The lone candidate seeking to rebrand the Republican Party, to bring back “Classic Coke”, is Texas Representative Ron Paul: he proposes cutting government spending by one trillion dollars in the first year, eliminating five federal departments, increasing personal liberties by doing away with things such as the Patriot Act and permitting states to decide issues such as gay marriage and abortion. Mr Paul’s foreign policy, which calls for non-interventionism and only Congressionally-authorized wars, is materially different from the Democrats and every other candidate. And that rebranding, that original formula, is resonating with customers: in the Iowa caucuses, 48% of caucus goers aged seventeen to twenty-nine voted for Mr Paul, as did 43% of independents. These are the very customers the Republican Party desperately needs in the years and decades ahead.
For those efforts to rebrand the Republican Party, Ron Paul has been alternately ignored or reviled. The Republican Party doggedly insists that “New Coke” is the winning formula, and any suggestions that “Classic Coke” should be reintroduced is met with open hostility. Mr Paul has been called “dangerous” and more recently “disgusting” by his fellow Republican, Rick Santorum. Mr Paul’s foreign policy is dismissed out of hand: a non-interventionist defense policy is not even permitted debate. But as we’ve seen already, independents are the largest share of the electorate, and they are demonstrating a genuine taste for “Classic Coke”. And in hypothetical match ups against President Obama, Mr Paul’s “Classic Coke” matches Mitt Romney’s chances for victory in a general election.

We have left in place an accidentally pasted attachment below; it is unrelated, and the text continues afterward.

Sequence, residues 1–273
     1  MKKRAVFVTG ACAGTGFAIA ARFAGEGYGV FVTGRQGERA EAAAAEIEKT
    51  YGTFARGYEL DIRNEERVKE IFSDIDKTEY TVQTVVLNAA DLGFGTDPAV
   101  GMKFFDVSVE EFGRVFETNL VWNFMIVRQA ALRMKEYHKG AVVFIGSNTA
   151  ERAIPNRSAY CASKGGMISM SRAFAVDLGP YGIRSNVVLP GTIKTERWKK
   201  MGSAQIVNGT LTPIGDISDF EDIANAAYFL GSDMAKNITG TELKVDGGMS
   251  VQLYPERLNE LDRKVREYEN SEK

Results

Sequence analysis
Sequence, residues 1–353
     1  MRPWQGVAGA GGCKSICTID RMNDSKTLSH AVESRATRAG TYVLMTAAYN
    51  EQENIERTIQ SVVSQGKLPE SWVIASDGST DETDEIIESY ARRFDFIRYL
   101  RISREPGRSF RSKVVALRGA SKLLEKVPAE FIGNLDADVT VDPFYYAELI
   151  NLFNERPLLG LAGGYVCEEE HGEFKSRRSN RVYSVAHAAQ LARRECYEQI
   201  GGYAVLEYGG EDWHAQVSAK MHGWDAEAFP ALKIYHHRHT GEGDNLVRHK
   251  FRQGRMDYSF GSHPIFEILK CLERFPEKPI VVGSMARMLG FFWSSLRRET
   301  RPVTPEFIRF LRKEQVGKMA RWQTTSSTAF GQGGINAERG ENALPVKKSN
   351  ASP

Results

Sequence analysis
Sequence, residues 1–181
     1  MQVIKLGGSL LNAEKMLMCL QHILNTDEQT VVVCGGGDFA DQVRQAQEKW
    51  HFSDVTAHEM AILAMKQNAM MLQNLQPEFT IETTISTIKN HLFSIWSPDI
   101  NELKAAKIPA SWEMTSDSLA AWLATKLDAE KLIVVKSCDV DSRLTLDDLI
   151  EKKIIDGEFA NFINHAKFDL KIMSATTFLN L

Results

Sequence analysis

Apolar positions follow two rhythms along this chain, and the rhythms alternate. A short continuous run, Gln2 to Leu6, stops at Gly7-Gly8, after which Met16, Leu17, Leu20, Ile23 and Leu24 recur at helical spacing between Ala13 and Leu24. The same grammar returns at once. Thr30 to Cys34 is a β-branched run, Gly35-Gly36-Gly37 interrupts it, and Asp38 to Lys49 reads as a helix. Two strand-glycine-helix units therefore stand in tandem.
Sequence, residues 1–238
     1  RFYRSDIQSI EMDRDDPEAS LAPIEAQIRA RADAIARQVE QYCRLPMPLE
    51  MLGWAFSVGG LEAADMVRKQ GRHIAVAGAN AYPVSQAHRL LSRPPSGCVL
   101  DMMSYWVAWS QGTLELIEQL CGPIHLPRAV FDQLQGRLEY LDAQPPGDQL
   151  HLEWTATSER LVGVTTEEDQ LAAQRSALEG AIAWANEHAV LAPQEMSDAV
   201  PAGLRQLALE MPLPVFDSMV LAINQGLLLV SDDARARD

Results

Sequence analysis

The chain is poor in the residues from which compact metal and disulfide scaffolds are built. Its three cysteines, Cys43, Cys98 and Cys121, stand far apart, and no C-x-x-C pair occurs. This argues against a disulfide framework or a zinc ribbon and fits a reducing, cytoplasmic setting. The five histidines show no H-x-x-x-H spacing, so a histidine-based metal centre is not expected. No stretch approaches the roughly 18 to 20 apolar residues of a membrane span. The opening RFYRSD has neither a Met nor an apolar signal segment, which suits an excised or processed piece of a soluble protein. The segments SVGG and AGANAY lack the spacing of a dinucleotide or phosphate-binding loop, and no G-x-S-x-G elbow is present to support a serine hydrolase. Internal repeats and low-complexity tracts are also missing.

The Republican Party establishment ignores this erosion of its brand at its peril: with nearly twice as many young people leaning Democrat rather than Republican, and with independent voters the deciding factor in general elections, “New Coke” is a strategy for failure. The Republican Party’s brand is materially and demonstrably diluted, and the party is going to need to engage in a serious rebranding exercise, building meaningful differentiators and building trust with new customers. Those customers are waiting, and they seem to have a thirst for “Classic Coke”.
The November 19, 2011 debate between hopefuls for the Republican Presidential nomination at First Federated Church in Des Moines, Iowa was at least as noteworthy for the odd sight of multiple Presidential hopefuls breaking down in tears, and the absence of former Massachusetts Governor Mitt Romney, as it was for any answers elicited from the candidates. It often had the feel of a daytime talk show more than a serious debate, with multiple candidates choosing to bare their souls for the cameras. Religious themes were prevelant throughout the debate.
Rather than our usual candidate performance overview, for this article we’ll outline the themes covered, and then we’ll address how the candidates performed against our list of five things to look for: